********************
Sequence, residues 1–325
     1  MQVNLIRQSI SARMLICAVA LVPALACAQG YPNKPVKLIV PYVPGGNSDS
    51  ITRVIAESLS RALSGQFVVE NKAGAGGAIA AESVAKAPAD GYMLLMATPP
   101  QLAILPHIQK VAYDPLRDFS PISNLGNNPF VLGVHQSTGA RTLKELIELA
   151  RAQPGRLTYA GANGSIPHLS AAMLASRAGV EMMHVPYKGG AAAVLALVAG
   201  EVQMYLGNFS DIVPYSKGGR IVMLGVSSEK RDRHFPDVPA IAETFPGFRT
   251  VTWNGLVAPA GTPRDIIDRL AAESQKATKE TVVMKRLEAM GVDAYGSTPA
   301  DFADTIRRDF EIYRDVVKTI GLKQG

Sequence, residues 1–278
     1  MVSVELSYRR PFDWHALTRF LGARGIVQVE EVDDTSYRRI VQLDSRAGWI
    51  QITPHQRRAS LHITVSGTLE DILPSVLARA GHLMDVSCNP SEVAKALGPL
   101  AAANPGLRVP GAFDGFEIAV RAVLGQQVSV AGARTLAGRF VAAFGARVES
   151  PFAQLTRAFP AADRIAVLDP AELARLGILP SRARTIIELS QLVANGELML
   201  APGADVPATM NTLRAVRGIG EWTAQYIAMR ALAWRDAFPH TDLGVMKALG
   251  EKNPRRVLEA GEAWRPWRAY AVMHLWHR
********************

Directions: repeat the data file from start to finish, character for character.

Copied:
Sequence, residues 1–325
     1  MQVNLIRQSI SARMLICAVA LVPALACAQG YPNKPVKLIV PYVPGGNSDS
    51  ITRVIAESLS RALSGQFVVE NKAGAGGAIA AESVAKAPAD GYMLLMATPP
   101  QLAILPHIQK VAYDPLRDFS PISNLGNNPF VLGVHQSTGA RTLKELIELA
   151  RAQPGRLTYA GANGSIPHLS AAMLASRAGV EMMHVPYKGG AAAVLALVAG
   201  EVQMYLGNFS DIVPYSKGGR IVMLGVSSEK RDRHFPDVPA IAETFPGFRT
   251  VTWNGLVAPA GTPRDIIDRL AAESQKATKE TVVMKRLEAM GVDAYGSTPA
   301  DFADTIRRDF EIYRDVVKTI GLKQG

Sequence, residues 1–278
     1  MVSVELSYRR PFDWHALTRF LGARGIVQVE EVDDTSYRRI VQLDSRAGWI
    51  QITPHQRRAS LHITVSGTLE DILPSVLARA GHLMDVSCNP SEVAKALGPL
   101  AAANPGLRVP GAFDGFEIAV RAVLGQQVSV AGARTLAGRF VAAFGARVES
   151  PFAQLTRAFP AADRIAVLDP AELARLGILP SRARTIIELS QLVANGELML
   201  APGADVPATM NTLRAVRGIG EWTAQYIAMR ALAWRDAFPH TDLGVMKALG
   251  EKNPRRVLEA GEAWRPWRAY AVMHLWHR